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Apache Derby is a transactional, embeddable, pure-Java relational database, derived from the original Cloudscape codebase. Derby is lightweight enough to be embedded directly into Java applications and/or accessed remotely by multiple users connected to Derby's network server.
In this article, I provide an overview and tutorial of the Apache Derby database along with its ancillary components.
Note: This article includes source code that can be downloaded from Resources.
Apache Derby, available under the Apache License Version 2.0, is a pure-Java relational database based on Java Database Connectivity (JDBC) and SQL standards. Apache Derby occupies about 2 megabytes of disk space for the core database engine and JDBC driver.
Apache Derby supports two modes: embedded and network server. The embedded mode allows Apache Derby to be used as an embedded database accessed from within the same JVM. The network server mode allows Apache Derby to be used as a standalone database that can be accessed from multiple clients outside the JVM that hosts the database.
The following technologies are the primary components of the Apache Derby distribution:
The nucleus of Apache Derby is an embedded database engine instantiated and executed by a Java application running in the same JVM.
Figure 1: The Apache Derby embedded engine architecture
The Apache Derby Network Server extends the Apache Derby database engine to provide multi-user connectivity to Derby databases within a single system or over a network. The Apache Derby Network Server uses the DRDA protocol standard (Distributed Relational Database Architecture) to handle queries and commands from clients. Databases exposed with the Apache Derby Network Server are accessed using the Derby Network client driver.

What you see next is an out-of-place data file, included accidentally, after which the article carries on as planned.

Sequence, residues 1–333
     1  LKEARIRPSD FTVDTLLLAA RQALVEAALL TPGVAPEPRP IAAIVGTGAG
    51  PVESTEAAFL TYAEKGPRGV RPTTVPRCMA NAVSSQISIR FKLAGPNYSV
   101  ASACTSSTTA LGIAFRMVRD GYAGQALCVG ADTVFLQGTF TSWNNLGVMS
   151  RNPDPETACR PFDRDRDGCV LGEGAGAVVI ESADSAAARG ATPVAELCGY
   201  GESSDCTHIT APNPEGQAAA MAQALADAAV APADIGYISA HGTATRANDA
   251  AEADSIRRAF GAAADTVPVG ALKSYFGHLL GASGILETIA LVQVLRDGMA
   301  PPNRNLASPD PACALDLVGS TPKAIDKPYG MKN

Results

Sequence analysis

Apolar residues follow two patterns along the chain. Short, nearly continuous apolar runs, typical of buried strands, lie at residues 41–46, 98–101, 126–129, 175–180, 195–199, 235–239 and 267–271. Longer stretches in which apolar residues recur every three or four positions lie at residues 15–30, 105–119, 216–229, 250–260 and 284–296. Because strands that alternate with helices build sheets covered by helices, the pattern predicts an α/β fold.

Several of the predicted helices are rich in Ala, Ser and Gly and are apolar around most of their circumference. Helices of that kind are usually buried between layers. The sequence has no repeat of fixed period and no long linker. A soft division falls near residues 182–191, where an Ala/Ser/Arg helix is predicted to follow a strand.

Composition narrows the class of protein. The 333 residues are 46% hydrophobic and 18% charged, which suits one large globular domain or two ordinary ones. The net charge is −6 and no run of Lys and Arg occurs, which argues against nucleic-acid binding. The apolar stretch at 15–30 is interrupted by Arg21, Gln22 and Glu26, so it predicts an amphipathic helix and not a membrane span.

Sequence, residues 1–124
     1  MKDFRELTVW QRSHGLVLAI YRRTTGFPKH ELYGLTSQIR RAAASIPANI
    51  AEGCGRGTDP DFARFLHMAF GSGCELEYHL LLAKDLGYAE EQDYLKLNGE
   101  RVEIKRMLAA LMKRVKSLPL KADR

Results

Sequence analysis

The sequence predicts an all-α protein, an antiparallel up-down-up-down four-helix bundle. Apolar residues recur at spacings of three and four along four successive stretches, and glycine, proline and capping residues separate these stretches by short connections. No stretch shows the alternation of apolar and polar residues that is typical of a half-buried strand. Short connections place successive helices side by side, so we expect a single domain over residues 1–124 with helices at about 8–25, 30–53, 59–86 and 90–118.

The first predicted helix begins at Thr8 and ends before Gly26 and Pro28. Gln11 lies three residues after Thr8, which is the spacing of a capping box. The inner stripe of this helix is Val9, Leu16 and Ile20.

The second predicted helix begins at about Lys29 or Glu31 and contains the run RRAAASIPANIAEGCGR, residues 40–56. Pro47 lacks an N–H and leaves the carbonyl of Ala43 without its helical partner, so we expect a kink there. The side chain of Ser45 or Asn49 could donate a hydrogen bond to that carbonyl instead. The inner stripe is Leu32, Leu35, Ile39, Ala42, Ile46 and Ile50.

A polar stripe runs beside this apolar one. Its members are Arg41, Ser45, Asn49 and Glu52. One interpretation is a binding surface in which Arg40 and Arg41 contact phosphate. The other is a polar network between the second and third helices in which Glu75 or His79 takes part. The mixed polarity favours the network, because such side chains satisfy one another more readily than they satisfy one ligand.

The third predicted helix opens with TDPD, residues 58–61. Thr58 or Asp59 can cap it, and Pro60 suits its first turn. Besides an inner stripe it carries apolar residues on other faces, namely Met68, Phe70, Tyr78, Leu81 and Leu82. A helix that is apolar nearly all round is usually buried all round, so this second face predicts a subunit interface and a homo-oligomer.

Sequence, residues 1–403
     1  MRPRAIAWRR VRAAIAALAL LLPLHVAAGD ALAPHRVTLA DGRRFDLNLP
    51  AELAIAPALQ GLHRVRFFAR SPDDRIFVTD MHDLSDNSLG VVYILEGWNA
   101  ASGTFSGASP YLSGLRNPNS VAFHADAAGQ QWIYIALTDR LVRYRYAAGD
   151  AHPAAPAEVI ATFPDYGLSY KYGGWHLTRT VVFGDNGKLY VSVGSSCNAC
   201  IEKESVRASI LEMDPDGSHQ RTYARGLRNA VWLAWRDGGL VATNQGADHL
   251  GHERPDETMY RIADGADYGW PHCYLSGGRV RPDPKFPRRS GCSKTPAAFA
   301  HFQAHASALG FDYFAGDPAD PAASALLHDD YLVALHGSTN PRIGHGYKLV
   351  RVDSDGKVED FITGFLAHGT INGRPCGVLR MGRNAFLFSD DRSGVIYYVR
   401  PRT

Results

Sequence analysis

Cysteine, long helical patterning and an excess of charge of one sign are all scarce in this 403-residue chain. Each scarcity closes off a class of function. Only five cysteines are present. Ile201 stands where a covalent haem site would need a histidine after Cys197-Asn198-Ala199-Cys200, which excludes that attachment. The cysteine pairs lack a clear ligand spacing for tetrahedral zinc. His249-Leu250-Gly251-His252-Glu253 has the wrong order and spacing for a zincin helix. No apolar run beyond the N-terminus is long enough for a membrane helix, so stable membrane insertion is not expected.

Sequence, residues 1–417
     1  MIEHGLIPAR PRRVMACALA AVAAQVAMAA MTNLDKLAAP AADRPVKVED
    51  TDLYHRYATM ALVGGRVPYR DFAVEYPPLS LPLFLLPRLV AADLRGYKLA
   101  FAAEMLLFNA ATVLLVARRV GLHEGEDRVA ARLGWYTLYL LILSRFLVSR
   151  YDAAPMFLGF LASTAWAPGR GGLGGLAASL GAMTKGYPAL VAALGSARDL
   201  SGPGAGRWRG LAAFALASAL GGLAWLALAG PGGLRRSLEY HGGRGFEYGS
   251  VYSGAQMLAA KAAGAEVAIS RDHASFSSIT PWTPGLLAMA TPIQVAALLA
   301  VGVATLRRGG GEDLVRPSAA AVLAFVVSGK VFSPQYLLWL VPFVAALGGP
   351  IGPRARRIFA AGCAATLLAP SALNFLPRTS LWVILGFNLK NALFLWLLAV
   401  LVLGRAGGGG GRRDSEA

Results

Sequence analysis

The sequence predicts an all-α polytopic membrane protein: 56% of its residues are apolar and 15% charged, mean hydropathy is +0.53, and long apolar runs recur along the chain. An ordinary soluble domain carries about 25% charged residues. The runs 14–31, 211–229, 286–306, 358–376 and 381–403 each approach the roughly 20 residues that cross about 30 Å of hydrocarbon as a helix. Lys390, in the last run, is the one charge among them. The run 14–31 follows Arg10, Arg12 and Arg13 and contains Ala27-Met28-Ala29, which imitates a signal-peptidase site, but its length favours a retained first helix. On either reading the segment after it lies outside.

To expose an Apache Derby database using the network server, the following files must be in the classpath:
Figure 2: The Apache Derby Network Server architecture. Click on thumbnail to view full-sized image.
The Apache Derby tool, ij, is a scripting tool that allows JDBC-based SQL scripts to be executed against an Apache Derby database. The ij tool runs in its own JVM; therefore, it needs to access an Apache Derby database via the Apache Derby Network Server.
Startup scripts for Windows and Unix environments are provided with the Derby installation to start ij. If you are using Derby as a client-server environment, start the server before connecting to the Derby database. You can start ij by running the ij scripts for your environment in the %DERBY_HOME%/frameworks/embedded/bin/ directory or in the %DERBY_HOME%/frameworks/NetworkServer/bin/ directory.
To start ij, run the script provided or use this command:
java [<options>] org.apache.derby.tools.ij [-p <propertyFile>] [<inputFile>] database supporting multiple connections.
You can download the Apache Derby distribution from the Derby Website. Extract the archive appropriate for your environment to the directory of your choosing.
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